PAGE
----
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In this text, Beatriz González recounts the history of the Salón Nacional, including the years during which it was not held (starting in 1980) and the reasons why. She also discusses the two retrospectives of the event: the first, which was held at the Biblioteca Luis Ángel Arango in 1966, featured award-winning works from seventeen editions of the Salón; and the second, held in 1974, featured award-winning works from twenty-four editions of the Salón. González asserts that these exhibitions evidence the importance of the Salón actually taking place, as well as the consequences of its temporary suspensions. González, an artist, criticizes the significant failings of the government in the area of culture, mentioning specifically the lack of funding and the need to construct venues suited to events like the Salón Nacional.
Colombian artist and critic Beatriz González (born 1938) calls this text—published in the magazine Arte en Colombia the year after the twenty-ninth edition of the Salón Nacional—“Un lustro es mucho tiempo” [Five Years Is a Long Time]. That title indicates from the outset how disconcerted she was by the absence of the Salón from 1980 to 1985, a period during which the event was not held due to structural changes in its organization and a lack of funding.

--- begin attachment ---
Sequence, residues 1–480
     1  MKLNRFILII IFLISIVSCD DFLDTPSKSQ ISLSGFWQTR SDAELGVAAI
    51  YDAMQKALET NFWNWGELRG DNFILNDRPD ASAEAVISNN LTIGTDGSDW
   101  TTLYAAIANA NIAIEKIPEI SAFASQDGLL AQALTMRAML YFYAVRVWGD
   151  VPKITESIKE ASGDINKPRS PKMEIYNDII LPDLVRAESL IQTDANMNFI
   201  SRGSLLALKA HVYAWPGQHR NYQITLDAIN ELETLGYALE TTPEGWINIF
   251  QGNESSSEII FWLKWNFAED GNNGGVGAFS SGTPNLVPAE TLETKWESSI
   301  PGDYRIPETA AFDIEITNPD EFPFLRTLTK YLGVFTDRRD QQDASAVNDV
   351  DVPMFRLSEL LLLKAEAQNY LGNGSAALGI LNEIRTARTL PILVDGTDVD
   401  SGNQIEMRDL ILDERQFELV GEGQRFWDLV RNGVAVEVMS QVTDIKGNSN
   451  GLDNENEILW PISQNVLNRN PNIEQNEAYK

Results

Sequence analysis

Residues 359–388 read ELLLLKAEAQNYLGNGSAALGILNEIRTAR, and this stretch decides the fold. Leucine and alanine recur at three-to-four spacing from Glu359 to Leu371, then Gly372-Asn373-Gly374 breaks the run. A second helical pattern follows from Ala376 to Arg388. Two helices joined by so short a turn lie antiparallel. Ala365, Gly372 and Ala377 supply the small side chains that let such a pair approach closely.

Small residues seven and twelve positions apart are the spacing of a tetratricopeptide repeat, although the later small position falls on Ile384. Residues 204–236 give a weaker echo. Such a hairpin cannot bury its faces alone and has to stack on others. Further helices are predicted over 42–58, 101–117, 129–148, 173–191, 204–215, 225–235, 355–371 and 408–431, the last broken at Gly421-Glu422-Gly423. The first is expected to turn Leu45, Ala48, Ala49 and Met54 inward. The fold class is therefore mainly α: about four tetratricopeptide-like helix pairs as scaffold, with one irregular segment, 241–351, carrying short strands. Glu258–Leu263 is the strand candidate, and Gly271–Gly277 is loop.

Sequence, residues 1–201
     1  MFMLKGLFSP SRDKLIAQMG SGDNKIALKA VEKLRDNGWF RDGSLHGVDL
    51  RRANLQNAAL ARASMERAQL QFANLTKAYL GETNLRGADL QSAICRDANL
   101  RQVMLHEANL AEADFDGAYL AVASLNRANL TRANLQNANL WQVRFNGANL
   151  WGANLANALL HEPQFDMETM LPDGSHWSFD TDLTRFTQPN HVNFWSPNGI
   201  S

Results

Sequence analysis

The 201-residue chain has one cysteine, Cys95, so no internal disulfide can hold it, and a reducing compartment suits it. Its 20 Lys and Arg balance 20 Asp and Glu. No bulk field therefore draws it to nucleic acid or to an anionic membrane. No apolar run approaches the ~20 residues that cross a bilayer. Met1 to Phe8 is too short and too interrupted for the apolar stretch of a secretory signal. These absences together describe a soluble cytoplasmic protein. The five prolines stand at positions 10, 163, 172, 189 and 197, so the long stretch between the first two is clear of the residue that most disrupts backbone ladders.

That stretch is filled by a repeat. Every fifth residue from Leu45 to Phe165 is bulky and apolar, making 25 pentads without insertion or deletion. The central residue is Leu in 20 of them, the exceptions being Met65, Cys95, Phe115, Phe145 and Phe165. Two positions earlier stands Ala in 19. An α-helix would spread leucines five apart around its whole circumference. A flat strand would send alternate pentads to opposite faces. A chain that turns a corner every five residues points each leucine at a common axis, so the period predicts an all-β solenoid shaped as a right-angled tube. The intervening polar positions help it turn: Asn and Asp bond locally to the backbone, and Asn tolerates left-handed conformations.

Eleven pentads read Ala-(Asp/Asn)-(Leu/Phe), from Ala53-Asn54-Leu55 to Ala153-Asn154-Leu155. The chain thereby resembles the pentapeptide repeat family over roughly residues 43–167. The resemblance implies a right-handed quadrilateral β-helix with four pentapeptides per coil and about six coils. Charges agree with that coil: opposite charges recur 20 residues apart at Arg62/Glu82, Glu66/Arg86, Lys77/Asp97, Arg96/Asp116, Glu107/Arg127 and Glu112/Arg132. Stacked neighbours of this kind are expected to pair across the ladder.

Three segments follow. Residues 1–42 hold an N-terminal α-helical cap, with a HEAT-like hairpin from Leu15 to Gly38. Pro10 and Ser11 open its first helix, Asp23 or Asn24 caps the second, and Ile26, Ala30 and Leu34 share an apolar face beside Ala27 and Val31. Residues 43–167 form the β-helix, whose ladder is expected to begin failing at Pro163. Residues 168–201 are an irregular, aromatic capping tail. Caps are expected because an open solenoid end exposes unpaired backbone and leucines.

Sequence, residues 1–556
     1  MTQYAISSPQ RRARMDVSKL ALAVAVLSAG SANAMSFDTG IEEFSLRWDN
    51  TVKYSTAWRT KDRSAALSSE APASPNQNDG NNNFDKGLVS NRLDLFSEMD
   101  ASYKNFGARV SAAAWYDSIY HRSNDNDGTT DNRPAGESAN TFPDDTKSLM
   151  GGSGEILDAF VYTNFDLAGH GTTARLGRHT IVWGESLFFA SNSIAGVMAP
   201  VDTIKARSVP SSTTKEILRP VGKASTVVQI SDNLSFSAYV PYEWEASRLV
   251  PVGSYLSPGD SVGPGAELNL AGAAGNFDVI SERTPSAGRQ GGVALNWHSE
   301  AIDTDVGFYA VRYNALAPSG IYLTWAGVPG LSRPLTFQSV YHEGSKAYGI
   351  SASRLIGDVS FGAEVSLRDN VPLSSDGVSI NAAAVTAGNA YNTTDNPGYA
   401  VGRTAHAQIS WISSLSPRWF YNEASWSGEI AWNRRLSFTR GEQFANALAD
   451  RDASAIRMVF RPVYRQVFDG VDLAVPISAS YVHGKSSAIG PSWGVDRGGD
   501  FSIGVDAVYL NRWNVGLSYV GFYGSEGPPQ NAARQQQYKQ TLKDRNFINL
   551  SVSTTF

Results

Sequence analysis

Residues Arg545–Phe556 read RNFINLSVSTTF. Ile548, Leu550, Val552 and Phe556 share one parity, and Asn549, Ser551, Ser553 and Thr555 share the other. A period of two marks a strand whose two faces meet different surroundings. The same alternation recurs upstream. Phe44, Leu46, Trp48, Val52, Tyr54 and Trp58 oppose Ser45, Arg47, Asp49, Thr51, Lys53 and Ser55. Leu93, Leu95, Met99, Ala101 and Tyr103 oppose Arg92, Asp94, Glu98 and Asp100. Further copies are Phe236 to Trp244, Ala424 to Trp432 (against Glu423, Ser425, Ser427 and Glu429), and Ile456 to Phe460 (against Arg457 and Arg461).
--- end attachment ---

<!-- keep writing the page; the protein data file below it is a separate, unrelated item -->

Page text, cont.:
González’s thesis is that the 1985 edition of the Salón was a failure because of how poorly the regional versions of the event had been managed. Regarding this, González—echoing Marta Traba—states that the Salón Nacional failed to act as a “thermometer of art in the country,” but was instead a “patchwork made of the various acts of irresponsibility with which [those local shows] were put together.” The diversity of selection criteria for those regional events evidenced that the decision to name a different group of jurors for each exhibition was by no means savvy.
This is one of the texts by González published after she became an art critic in the early 1980s. In fact, her prolific work in the field of criticism has been crucial to the revision of recent local art practices. González has not only participated in various editions of the Salón Nacional as an artist, but has also been a major supporter of the event and its actual realization. She makes frequent reference to the theory of art critic Marta Traba (1923–1983), who asserted that the Salón was a crucial event in that it served to “take the temperature” of art in Colombia.
Significantly, at the time this article was written (the late 1980s), Colombia was in the throes of an exceedingly difficult socio-political situation. In 1985, Virgilio Barco (1921–1997) was elected president, and the turnover of power took place in a very discouraging environment. The eighties witnessed the height of the drug trade, which brought with it an increase in violence and, as a result, a significant loss of interest in cultural and artistic matters; the country was focused solely on its social problems.